ASOS and DPD launch Project ReLove to help customers and employees recycle clothes for free

At least 350,000 tonnes of second-hand, used clothing goes straight into landfill each year in the UK alone. As part of their constant drive towards a better, greener future, DPD UK and ASOS have launched Project ReLove to help customers recycle their clothes easily and for free.

Launched on 12 April 2021, ReLove is a new service run by DPD UK for ASOS customers. The aim is to make it easy for ASOS customers to get rid of any unwanted preloved clothing for free and with no hassle. All they need to do is choose the charity they want it to go to and hand their wrapped clothes to their local DPD delivery driver. DPD will do the rest by shipping the clothes to the chosen charity free of charge.

The charities are:

  • Scope
  • Marie Curie
  • British Heart Foundation
  • The Children’s Society
  • British Red Cross.

According to figures from waste charity Wrap, 5% of the UK’s total water and carbon footprint stems directly from clothes consumption. When the textiles degrade in landfill, they release damaging greenhouse gases, contributing to polluting emissions.

A separate study by Circular shows that the UK is the fourth biggest culprit for textile waste in Europe. Each of us throws away an average of just over 3kg of used clothing every year. After some goes to recycling and incineration, we each are responsible for an average of 1.7kg of landfill waste each year.

Olly Craughan, DPD’s General Manager of Sustainability, says: “DPD UK’s 25/25/25 vision to become the UK’s greenest delivery company means we don’t wait for people to ask us to solve problems. We come up with solutions before most people even know there is a problem. ReLove supports both customers and charities as part of our ongoing commitment to cutting waste and becoming the greenest delivery company in the world.”

DPD is focusing on introducing circular economy initiatives where possible. ReLove is an example of this alternative to the traditional business model. In this context, a circular economy is about finding an alternative to the ‘take, make, waste’ industrial model. The idea is to separate economic activity from the annihilation of finite resources – in other words to design ways to remove waste from the system.

DPD aim to change the UK’s record on clothes waste and slash the amount that gets dumped in landfill every year. A study by LABFRESH, a sustainable clothing label, says that the UK clothing industry is the third biggest in Europe. On average, we each spend just under £1000 on clothes each year, and many of us like to donate clothes we don’t wear anymore.

Figures show that from the 3.1kg of textile waste we each produce every year, only 0.3kg are recycled. A further 0.4kg are reused and 0.8kg incinerated. This leaves 1.7kg from every person in the UK going straight into landfill every year.

ReLove is a circular economy initiative devised by DPD to help customers quickly donate clothes they don’t want anymore. DPD chose to launch on the same day that non-essential retail can finally open their doors – and that includes charity shops. So, the preloved clothes will reach new owners sooner rather than later.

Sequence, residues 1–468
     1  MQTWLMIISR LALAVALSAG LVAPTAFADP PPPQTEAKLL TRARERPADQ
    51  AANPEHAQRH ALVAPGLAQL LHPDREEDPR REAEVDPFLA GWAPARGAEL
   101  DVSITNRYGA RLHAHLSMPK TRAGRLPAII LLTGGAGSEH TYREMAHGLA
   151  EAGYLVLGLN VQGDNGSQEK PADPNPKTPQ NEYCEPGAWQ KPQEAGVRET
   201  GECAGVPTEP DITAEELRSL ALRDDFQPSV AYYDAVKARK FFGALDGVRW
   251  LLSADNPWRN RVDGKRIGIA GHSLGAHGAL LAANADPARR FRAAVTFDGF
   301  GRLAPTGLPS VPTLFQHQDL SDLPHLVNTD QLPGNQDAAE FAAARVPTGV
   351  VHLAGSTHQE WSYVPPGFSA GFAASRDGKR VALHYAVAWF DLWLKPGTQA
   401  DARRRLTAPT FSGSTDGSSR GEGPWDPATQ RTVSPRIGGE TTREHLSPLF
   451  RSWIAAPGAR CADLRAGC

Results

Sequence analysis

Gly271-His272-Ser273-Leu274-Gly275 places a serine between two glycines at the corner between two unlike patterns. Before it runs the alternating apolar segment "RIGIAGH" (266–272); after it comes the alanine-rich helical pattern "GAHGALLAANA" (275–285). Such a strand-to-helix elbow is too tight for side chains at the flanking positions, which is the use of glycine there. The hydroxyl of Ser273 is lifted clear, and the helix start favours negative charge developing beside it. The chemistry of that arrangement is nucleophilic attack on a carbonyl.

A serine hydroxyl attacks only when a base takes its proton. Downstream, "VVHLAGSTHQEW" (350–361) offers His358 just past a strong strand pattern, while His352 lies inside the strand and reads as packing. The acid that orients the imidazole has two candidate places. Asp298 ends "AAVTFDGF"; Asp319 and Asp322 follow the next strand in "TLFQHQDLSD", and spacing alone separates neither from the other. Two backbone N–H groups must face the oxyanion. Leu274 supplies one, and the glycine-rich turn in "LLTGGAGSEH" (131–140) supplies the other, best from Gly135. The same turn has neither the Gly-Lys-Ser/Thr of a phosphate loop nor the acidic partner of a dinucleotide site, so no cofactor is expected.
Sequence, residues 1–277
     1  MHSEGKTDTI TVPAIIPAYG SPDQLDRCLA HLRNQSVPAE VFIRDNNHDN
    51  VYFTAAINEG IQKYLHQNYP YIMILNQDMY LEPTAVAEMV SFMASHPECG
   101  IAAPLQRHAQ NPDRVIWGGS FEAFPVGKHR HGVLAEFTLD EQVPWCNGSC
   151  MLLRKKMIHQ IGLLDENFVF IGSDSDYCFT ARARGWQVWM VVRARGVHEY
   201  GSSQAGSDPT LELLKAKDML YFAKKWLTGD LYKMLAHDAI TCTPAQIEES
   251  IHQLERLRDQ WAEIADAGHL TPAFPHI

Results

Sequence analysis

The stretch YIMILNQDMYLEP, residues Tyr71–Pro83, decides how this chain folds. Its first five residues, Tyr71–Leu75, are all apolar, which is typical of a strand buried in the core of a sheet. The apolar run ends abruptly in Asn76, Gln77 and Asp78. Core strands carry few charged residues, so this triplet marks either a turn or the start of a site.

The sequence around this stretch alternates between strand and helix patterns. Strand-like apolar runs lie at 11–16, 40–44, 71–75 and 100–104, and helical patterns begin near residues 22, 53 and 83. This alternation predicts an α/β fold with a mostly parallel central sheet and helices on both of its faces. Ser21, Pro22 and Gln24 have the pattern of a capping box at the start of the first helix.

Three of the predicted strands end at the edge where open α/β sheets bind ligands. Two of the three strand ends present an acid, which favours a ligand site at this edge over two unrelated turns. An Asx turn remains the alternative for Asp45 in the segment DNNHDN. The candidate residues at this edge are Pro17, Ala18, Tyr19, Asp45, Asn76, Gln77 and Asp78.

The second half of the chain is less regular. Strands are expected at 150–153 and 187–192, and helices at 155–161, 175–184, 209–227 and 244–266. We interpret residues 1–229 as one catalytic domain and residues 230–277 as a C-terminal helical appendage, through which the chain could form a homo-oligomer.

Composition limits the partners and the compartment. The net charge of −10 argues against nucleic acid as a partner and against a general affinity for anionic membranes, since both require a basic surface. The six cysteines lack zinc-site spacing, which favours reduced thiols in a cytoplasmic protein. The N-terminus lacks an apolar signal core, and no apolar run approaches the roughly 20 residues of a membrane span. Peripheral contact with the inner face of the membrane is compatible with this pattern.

In its first phase, ReLove is only available for ASOS customers expecting a DPD delivery. They’ll be encouraged to reuse the packaging too before handing their preloved clothes to the DPD driver. The package will be taken back to the depot and labelled up for delivery to the chosen charity.

During the pandemic and enforced lockdowns, charity shops have lost an estimated £28 million per month. It’s hoped that the expected surge in donations and sales will help to offset these losses and get the sector back on its feet. We’re proud to be part of this recovery through ReLove.

Practical initiatives that make a real difference

Donating clothes to charity shops is one of the best ways to ensure ethical disposal of unwanted garments. Charities are in a great position to sort through donations and ensure that any items that can be resold This ensures fewer unused garments end up in landfill.

Olly Craughan says: “DPD leads the way on sustainability in the delivery space and I’m incredibly proud of the team for getting behind initiatives like this.”

ReLove is part of the ongoing changes DPD is making to become greener, cleaner and more sustainable. These include decarbonising their delivery fleet, but it’s also about more than investing in electric vehicles (EV). While being ahead in this, EVs are an obvious step to take. DPD want to go much much further than what’s expected and find new ways of creating green solutions throughout our entire operation.

And that’s what ReLove does. Olly says: “ReLove is another way for us to help cut emissions, reduce waste and raise money for charities at the same time. It’s also great to team up with ASOS on another smart solution for their customers.”

DPD is already delivering to ASOS customers’ addresses, so incorporating ReLove into ongoing deliveries means saving even more miles. Customers can access ReLove through the DPD app, which has more than nine million users currently.

Adds Patrik Silén, the Chief Strategy Office for ASOS: “Our focus has always been on providing our customers with an outstanding retail experience, and a key element of that is giving them opportunities to shop with us more responsibly.

“We know that our customers are very active in donating their pre-loved clothing and that they see it as a great way of keeping products in use and out of landfill, so partnering with DPD on the ReLove initiative is a natural fit for us. We’re proud to be joining forces with the team to drive sustainable solutions and look forward to seeing our customers’ response over the coming weeks.”

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